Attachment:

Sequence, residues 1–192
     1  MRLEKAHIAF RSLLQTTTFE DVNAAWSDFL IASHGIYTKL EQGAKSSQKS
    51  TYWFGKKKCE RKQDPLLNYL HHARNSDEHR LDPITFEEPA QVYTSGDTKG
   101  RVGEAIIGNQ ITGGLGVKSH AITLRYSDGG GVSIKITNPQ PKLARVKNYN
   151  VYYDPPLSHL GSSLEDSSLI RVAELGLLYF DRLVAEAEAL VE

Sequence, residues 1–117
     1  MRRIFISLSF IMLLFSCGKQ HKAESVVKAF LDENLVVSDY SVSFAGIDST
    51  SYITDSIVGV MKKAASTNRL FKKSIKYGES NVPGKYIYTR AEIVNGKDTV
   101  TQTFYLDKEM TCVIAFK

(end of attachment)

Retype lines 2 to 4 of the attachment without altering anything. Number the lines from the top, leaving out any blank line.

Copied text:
     1  MRLEKAHIAF RSLLQTTTFE DVNAAWSDFL IASHGIYTKL EQGAKSSQKS
    51  TYWFGKKKCE RKQDPLLNYL HHARNSDEHR LDPITFEEPA QVYTSGDTKG
   101  RVGEAIIGNQ ITGGLGVKSH AITLRYSDGG GVSIKITNPQ PKLARVKNYN